Design Patterns in Java: Creational

This course is part of a 3 part series covering design patterns using Java.
Course info
Rating
(502)
Level
Intermediate
Updated
Apr 28, 2015
Duration
1h 54m
Table of contents
Description
Course info
Rating
(502)
Level
Intermediate
Updated
Apr 28, 2015
Duration
1h 54m
Description

This course is part of a 3 part series covering design patterns using Java. This part covers the creational design patterns, Singleton, Builder, Prototype, Factory, and AbstractFactory as defined by the Gang of Four. We look at examples in the Java API and code examples of each pattern.

About the author
About the author

Bryan is a Director at Software Technology Group, a consulting company based out of Salt Lake City, and has authored and taught numerous courses in Java.

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Section Introduction Transcripts
Section Introduction Transcripts

Introduction & Prerequisites
So you've just been in an interview, and someone asked you to describe a design pattern, or maybe you were just describing a problem to a coworker and they said it sounds like you're reinventing the wheel. They might have even said to you that it sounds like you're describing a factory or a singleton. If this sounds like a situation that you've been in, then this course is for you. Our focus in this course is on presenting the design patterns described in the Gang of Four in an example driven away using Java to do so. Hi. I'm Bryan Hansen, and welcome to Creational Design Patterns using Java.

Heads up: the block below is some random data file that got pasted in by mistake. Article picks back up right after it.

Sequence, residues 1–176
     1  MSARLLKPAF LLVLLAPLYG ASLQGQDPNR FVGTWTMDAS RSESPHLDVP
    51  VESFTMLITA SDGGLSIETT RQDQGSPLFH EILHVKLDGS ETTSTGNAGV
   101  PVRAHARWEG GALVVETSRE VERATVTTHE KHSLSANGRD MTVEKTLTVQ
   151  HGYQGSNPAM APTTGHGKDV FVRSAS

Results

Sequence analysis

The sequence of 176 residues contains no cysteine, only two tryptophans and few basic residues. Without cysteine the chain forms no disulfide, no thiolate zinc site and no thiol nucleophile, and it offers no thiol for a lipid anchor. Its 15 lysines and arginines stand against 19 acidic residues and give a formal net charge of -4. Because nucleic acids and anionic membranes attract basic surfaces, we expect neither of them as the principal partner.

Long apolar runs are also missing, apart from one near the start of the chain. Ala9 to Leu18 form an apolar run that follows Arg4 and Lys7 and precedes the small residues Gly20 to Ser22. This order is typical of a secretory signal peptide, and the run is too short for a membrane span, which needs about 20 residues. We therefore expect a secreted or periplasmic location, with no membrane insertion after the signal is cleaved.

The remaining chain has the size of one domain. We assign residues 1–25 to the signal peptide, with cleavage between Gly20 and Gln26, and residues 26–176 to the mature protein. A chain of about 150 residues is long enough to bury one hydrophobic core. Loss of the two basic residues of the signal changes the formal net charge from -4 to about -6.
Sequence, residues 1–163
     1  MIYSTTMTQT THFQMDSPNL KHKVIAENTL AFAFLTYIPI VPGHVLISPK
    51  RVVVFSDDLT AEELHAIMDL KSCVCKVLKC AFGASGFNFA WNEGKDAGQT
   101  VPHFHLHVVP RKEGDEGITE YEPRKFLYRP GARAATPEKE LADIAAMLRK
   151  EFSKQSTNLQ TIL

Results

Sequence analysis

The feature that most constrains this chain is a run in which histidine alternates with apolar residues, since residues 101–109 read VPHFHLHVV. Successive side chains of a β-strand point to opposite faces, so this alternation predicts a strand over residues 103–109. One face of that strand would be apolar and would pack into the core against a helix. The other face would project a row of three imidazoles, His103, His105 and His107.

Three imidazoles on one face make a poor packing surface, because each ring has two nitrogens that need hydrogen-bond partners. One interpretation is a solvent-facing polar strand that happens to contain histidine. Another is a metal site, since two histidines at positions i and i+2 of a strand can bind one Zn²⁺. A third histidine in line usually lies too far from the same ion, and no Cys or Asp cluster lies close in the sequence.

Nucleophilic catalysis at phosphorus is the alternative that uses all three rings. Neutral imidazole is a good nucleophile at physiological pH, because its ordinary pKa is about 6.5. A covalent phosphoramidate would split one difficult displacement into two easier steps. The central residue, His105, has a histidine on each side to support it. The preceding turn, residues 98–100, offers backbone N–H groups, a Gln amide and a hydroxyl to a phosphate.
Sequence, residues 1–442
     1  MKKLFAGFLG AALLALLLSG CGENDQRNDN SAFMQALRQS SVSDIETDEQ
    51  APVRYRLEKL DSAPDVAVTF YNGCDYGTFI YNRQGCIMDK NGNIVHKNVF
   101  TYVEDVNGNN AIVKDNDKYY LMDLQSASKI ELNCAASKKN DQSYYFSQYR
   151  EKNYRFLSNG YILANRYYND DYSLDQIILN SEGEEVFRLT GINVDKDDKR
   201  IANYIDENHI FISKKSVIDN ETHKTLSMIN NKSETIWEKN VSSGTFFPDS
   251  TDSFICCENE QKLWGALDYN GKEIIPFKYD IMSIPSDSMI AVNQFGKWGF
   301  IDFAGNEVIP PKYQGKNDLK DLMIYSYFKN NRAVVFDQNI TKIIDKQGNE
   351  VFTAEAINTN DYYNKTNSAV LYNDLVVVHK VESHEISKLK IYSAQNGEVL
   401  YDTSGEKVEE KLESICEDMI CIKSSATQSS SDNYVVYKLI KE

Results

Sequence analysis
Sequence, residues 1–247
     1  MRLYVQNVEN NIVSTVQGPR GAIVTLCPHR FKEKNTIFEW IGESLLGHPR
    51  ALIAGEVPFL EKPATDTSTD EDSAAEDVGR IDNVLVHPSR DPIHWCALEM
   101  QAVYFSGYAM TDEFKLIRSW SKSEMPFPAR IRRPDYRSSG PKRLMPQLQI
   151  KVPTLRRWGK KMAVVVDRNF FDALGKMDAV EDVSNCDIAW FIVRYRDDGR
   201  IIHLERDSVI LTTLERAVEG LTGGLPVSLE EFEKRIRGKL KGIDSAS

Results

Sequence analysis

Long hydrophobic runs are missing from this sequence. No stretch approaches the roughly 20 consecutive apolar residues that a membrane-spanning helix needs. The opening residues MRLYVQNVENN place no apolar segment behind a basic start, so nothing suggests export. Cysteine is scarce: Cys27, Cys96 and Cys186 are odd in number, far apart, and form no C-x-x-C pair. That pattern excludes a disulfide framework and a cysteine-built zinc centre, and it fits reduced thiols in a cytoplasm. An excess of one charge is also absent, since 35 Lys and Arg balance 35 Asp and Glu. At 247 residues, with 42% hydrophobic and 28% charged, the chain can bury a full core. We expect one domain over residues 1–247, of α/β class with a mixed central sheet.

Singleton Pattern
Hi, this is Bryan Hansen, and in this module we are going to look at the singleton design pattern. The singleton pattern is one of, if not the most, heavily used design patterns because of its simplicity to implement and the type of problem that it solves.

Builder Pattern
Hi. This is Bryan Hansen, and in this module we're going to look at the builder pattern. The builder pattern is a pattern that people often use, but rarely create their own. It is a great pattern for handling the construction of objects that may contain a lot of parameters and we want to make the object immutable once we're done constructing it.

Prototype Pattern
Hi. This is Bryan Hansen, and in this module we are going to look at the prototype design pattern. The prototype pattern is used when the type of object to create is determined by a prototypical instance, which is cloned to produce a new instance. Oftentimes, the prototype pattern is used to get a unique instance of the same object.

Factory Method Pattern
Hi. This is Bryan Hansen, and in this module we are going to look at the factory method design pattern. The factory method pattern is in some ways the opposite of the singleton pattern and probably is the second most used creational design pattern.

AbstractFactory Pattern
Hi. This is Bryan Hansen, and in this module we are going to look at the AbstractFactory design pattern. The AbstractFactory is very similar to the factory method pattern and in fact is typically implemented as a factory of factory patterns.

What Next?
Well thank you for completing this Design Patterns course covering Creational Design Patterns. If you're wondering what to look at next, I might recommend that you keep an eye out for the Design Patterns in Java covering structural design patterns, as well as the course covering behavior of patterns. I'm working on both of those at the time of this being published, and it'll be out shortly. There are also all of my other courses on Pluralsight, Maven Fundamentals, Spring Fundamentals, Spring MVC, Spring MVC 4, Spring JPA Hibernate, and Spring Security just to mention a few. Please explore those other courses if you've enjoyed this, and keep an eye out for those two design patterns courses coming within the next couple of months. Thank you.